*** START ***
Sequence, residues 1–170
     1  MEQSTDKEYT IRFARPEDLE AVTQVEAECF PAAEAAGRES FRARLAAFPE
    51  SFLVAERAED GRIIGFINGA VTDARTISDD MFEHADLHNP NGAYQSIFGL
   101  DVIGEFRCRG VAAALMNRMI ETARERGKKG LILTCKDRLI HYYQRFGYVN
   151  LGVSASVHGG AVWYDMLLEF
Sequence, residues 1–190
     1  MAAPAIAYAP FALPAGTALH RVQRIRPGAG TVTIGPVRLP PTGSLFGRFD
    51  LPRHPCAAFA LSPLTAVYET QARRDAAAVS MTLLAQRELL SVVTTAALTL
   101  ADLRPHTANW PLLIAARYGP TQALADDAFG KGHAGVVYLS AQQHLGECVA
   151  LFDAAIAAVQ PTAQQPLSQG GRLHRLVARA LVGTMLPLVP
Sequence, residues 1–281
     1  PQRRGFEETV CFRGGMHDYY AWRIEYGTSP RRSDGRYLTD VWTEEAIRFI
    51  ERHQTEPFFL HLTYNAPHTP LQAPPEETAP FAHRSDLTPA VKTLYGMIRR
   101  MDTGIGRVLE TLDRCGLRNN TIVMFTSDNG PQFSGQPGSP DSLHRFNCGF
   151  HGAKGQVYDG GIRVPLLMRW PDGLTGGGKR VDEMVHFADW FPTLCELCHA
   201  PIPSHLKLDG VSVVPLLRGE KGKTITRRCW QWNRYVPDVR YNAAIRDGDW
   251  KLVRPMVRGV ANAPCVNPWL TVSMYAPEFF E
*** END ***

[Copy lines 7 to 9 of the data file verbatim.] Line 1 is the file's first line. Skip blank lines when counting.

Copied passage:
     1  MAAPAIAYAP FALPAGTALH RVQRIRPGAG TVTIGPVRLP PTGSLFGRFD
    51  LPRHPCAAFA LSPLTAVYET QARRDAAAVS MTLLAQRELL SVVTTAALTL
   101  ADLRPHTANW PLLIAARYGP TQALADDAFG KGHAGVVYLS AQQHLGECVA